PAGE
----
My children would have attended high school at Cubberley, had there been a high school in our part of town. As it was, they had to commute to an overpopulated high school and cross an unsafe railroad track, also to navigate the treacherous traffic sphincter created by the local bike activist. Cubberley should be developed into a middle school and high school. Paly and Gunn are too crowded, and the commute to them is a traffic nightmare. Overcrowded schools have huge problems, from student anonymity, limited access to varsity sports teams, exclusion from needed curriculum, absurdly unrewarding graduation ceremonies, unnoticed campus drug dealing, unseen student problems, to poor support with the very important college application process. None of these problems can be solved by grafting on poorly conceived patches as problems arise. Our students deserve a quality education in schools that are geographically within reach. Once again, South Palo Alto is being treated as a stepchild in this district. I will be looking for a change as school board elections come up.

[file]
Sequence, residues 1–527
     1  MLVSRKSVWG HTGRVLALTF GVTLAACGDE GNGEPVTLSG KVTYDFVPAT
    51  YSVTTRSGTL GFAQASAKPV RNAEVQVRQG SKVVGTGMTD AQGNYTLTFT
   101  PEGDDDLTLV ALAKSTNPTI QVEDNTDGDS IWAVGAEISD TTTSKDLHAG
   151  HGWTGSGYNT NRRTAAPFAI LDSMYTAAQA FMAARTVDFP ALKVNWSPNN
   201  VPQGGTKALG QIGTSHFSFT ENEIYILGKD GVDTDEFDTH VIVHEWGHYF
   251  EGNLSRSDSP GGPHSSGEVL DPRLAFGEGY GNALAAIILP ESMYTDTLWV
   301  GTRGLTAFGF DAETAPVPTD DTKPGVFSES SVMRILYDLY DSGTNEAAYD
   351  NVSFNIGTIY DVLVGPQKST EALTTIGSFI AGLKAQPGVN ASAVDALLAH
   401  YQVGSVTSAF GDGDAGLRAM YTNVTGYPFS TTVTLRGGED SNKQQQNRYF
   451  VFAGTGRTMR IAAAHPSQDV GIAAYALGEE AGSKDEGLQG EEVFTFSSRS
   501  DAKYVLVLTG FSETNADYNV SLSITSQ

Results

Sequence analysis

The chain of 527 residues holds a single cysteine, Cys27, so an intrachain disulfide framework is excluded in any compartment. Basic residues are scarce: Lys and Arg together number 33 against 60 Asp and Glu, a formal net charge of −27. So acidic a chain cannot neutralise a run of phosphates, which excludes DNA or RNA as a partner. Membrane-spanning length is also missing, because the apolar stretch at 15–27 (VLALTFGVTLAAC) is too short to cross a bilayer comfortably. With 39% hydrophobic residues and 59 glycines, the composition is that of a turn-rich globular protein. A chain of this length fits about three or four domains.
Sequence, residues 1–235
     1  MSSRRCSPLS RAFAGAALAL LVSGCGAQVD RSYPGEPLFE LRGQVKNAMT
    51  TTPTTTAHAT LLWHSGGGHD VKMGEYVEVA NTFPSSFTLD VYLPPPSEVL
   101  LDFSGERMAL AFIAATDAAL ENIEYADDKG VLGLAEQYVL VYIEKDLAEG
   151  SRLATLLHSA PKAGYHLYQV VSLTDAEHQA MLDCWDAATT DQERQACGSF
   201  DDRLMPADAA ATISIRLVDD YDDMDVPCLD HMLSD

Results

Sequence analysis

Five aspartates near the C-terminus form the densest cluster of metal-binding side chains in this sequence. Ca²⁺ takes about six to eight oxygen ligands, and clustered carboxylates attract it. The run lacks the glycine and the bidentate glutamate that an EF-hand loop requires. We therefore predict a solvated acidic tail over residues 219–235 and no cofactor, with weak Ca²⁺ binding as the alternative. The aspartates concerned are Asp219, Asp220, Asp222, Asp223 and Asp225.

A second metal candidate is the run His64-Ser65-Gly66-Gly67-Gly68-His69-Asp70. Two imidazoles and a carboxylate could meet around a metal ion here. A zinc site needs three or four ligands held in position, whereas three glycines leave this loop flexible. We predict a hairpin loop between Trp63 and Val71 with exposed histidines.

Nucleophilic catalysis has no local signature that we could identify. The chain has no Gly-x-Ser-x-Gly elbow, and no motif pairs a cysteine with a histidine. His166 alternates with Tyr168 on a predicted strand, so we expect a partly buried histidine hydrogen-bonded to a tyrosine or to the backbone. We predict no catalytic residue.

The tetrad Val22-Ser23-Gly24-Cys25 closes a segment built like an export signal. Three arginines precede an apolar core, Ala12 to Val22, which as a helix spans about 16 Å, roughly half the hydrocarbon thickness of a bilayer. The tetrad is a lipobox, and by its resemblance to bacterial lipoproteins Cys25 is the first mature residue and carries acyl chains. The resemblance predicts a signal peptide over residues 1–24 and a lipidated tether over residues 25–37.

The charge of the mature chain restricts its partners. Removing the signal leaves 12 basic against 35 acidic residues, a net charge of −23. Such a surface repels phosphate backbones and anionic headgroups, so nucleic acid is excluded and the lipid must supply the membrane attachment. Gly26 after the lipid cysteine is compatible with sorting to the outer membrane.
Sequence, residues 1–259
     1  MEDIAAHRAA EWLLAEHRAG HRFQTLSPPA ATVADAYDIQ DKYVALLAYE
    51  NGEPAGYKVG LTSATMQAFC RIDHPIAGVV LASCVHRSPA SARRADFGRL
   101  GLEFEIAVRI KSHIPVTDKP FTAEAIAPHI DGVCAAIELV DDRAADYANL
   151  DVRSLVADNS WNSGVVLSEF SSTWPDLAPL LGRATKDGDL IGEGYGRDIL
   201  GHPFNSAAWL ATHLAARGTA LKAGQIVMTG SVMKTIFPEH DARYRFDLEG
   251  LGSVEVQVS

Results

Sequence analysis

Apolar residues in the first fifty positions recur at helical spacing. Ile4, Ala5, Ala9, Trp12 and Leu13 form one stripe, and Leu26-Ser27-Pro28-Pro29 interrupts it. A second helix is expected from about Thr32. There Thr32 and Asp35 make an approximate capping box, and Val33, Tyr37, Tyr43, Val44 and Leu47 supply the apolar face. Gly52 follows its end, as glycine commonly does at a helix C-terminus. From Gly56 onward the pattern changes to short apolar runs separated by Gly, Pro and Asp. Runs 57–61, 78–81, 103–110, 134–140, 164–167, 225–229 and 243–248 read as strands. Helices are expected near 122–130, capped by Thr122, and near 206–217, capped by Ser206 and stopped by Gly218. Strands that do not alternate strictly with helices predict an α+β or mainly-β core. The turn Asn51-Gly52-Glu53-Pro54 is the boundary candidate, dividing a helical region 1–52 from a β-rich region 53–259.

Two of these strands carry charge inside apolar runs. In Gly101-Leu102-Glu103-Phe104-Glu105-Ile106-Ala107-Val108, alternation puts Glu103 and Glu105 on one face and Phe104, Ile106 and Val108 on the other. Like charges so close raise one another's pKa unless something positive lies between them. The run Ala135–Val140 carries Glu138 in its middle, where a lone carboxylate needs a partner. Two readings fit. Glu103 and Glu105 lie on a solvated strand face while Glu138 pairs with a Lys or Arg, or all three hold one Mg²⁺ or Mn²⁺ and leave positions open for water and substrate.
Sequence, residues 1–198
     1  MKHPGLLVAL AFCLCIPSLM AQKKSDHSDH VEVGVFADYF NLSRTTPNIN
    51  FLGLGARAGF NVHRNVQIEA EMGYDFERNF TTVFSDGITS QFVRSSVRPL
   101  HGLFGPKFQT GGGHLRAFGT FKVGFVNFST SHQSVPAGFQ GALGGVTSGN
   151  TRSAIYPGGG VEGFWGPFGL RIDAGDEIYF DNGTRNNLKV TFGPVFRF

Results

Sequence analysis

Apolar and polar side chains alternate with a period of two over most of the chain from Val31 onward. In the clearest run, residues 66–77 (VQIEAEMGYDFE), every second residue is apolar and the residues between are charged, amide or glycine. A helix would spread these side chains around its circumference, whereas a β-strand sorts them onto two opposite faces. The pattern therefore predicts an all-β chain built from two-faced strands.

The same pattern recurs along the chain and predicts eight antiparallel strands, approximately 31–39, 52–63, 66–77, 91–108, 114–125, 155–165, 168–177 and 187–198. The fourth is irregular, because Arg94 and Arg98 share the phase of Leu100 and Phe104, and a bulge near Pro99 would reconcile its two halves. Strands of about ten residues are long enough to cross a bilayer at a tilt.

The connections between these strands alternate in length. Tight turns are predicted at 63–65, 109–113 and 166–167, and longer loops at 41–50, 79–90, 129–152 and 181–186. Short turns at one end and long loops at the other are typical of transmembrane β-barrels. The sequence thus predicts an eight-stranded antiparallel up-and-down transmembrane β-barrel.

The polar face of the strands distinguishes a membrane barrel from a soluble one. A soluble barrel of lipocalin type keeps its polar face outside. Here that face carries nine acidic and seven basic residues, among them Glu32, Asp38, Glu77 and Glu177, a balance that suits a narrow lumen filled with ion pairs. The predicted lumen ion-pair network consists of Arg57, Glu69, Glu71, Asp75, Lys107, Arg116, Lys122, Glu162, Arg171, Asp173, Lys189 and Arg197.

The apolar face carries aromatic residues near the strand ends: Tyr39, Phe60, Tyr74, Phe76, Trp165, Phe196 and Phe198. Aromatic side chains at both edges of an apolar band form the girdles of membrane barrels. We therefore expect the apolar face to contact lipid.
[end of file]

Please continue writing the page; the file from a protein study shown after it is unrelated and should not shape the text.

1 person likes this
Posted by anon
a resident of Charleston Gardens
on Feb 1, 2016 at 10:56 pm

Brace yourselves. The charter school application is no doubt already drafted and ready. I hope we can navigate the divisions caused by this group. [Portion removed.]


3 people like this
Posted by Your take is a free house, don't forget
a resident of Another Palo Alto neighborhood
on Feb 1, 2016 at 11:00 pm

My Take -- how did they make it through school? It sounds like they were practically Syrian refugees trying to get to Greece, navigating all those treacherous suburban sidewalks is almost like swimming the Mediterranean.

As for the south side being badly treated, do you even understand that this was a magnet school proposal that would have served the entire city? Almost all the proponents were from the Paly district. [Portion removed.]


3 people like this
Posted by My Take
a resident of South of Midtown
on Feb 2, 2016 at 10:43 am

Your take, yes, the suicides of my children's classmates, friends, and team mates has made me very concerned for their survival.

I don't care at all where an idea comes from, as long as it improves the lives of young people. While I'm in favor of new schools at Cubberley, I don't care for the idea of a specialized high school.

Too bad the school board has rejected a study that might have helped bring about the best outcome for students.

Anyway, your sarcastic disregard for students is duly noted.


Sorry, but further commenting on this topic has been closed.